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Influence of light type exposure at nighttime on resting time and 6-sulfatoxymelatonin level of postpartum women in the rooming-in unit


The Postpartum woman's sleep and wake cycle changes to attend the demands of the newborn. Thus, constant exposure to artificial light can compromise total sleep time and synthesis of 6-sulfatoxymelatonin, a hormone that synchronizes biological rhythmicity.


To evaluate the influence of artificial light types at night on rest time and the 6-sulfatoxymelatonin level of hospitalized postpartum women.


Clinical trial performed with puerperal women admitted to a University Hospital in São Paulo-Brazil. Postpartum women aged of 18 years or over, whose child was born at term, healthy and breastfeeding, had a postpartum period greater than or equal to 12 hours, single pregnancy, no history of psychiatric, thyroid and/or sleep disorders, who did not use illicit drugs during pregnancy, and have not worked at night for the past three years were included. Blind women, taking beta-blockers, diuretics, corticosteroids and/or central nervous system depressant medication were excluded. Eligible postpartum women were allocated randomly in the rooms with different light. The control group was characterized by mothers who were exposed to white light (Osram®), commonly used by the service. In the experimental group, the puerperal women were assigned to the room with long wavelength emission light (Align PM®). Data were obtained between 2018 and 2019 after approval of ethical merit. The total resting time and 6-sulfatoxymelatonin level were measured during 24 hours, respectively, by ActTrust® actimeter and ELISA method. Fisher, Shapiro-Wilks, Levene, Mann-Whitney and t-tests were used, with significance level of 5% and power of 80%.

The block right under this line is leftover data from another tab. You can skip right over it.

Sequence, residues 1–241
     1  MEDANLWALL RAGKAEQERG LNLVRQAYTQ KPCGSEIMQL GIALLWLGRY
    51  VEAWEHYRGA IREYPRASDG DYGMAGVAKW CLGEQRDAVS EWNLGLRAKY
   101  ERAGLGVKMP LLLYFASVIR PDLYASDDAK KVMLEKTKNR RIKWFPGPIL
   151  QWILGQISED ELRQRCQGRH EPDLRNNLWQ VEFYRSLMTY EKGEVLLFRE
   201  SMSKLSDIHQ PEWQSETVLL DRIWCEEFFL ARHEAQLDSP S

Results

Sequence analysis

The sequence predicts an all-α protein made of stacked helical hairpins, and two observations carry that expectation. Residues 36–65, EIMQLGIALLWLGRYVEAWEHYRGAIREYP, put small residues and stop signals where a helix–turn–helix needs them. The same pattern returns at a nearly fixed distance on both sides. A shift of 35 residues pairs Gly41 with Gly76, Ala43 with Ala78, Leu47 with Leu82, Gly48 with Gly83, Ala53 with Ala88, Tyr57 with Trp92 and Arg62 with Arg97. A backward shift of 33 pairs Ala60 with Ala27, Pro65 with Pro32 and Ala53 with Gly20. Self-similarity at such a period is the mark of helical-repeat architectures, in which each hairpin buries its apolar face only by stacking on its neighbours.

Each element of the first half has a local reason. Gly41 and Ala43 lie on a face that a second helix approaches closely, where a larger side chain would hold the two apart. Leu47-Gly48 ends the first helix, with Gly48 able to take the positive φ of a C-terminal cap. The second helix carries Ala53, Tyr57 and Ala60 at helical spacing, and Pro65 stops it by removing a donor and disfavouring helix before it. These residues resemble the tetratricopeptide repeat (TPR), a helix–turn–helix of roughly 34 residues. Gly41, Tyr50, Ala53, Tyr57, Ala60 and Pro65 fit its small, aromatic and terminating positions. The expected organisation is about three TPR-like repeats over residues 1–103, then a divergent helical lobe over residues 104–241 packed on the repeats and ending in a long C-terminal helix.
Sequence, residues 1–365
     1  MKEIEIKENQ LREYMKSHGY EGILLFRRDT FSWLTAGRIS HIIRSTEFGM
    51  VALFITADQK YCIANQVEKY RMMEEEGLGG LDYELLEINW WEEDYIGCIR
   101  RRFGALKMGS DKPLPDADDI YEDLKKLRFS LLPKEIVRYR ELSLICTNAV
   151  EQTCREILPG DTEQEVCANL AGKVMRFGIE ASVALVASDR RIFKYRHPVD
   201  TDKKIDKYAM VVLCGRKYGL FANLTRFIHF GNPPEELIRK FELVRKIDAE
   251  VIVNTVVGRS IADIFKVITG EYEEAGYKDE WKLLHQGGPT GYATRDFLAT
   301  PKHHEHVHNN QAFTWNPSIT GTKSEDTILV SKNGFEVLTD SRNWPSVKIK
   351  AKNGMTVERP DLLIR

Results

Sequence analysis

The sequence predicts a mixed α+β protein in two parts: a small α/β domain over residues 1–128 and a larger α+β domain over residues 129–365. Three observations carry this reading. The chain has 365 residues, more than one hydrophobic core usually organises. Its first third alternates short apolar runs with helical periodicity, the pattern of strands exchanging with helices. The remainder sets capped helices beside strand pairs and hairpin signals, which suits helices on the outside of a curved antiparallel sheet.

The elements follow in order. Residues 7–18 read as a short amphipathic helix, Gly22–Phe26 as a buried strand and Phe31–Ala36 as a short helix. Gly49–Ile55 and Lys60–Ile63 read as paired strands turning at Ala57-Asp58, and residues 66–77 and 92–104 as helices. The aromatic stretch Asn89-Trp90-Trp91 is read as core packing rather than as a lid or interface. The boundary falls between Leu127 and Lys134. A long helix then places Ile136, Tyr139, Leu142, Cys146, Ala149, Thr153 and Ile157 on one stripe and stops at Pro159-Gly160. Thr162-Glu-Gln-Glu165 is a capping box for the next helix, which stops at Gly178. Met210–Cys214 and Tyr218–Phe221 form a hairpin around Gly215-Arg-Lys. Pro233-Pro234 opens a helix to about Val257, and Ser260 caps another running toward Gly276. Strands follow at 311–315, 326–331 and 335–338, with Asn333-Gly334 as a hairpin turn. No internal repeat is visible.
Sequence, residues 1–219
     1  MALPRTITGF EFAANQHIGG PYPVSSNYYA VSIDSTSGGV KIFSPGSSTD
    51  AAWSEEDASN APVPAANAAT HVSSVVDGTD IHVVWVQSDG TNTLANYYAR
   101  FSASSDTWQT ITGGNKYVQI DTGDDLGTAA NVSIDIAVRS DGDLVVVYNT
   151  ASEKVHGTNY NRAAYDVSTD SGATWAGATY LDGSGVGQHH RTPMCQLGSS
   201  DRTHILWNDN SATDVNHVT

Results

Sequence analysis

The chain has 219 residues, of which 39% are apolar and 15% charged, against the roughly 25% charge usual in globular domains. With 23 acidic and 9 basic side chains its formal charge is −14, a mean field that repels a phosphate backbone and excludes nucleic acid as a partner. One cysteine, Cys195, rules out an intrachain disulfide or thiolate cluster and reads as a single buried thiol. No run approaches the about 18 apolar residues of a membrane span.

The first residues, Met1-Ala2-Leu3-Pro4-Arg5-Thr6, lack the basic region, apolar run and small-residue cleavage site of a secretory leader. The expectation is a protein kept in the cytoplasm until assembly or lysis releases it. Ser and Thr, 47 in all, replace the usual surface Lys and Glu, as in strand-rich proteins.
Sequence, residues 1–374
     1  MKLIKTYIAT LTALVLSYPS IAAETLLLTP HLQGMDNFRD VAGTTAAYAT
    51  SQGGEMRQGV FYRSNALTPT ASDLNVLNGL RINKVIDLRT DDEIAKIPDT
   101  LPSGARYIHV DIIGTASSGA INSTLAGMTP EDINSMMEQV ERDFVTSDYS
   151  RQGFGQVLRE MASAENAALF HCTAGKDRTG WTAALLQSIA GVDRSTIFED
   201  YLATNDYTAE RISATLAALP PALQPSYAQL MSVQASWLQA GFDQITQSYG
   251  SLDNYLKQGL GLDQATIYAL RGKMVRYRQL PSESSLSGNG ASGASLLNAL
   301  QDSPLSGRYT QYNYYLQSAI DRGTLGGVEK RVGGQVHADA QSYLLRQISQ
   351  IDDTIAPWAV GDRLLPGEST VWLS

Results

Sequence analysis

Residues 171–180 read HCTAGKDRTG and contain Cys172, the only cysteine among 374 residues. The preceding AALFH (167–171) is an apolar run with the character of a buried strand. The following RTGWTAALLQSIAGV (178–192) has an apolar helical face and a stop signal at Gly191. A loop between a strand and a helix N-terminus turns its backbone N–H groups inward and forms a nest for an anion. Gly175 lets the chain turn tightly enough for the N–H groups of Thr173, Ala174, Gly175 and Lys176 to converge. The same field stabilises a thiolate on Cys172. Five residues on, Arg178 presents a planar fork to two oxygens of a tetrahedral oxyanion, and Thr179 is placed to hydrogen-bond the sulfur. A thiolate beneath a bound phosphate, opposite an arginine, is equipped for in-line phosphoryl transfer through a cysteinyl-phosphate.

Twenty-one postpartum women, 11 in the control group and 10 in the experimental group were analyzed. The average night rest time was similar (p = 0.89) between the experimental (6.8 hours) and control (6.9 hours) groups. The mean diurnal and nocturnal percentage of the total 6-sulfatoxymelatonin load excreted was similar in the control groups (47.4 and 52.5 µg/period) and experimental (47.6 and 52.4 µg/period), respectively (p>0.05).


The type of artificial lighting did not affect the rest time and 6-sulfatoxymelatonin level of hospitalized postpartum women.


Circadian Rhythm; Melatonin; Lighting; Postpartum Period, Nursing


Área Clínica


Eliana Moreira Pinheiro, Cristina Furtado Volcov, Fernanda Gaspar do Amaral, Miriam Harumi Tsunemi, Ariane Ferreira Machado Avelar, Bruno da Silva Brandão Gonçalves, Kelly Pereira Coca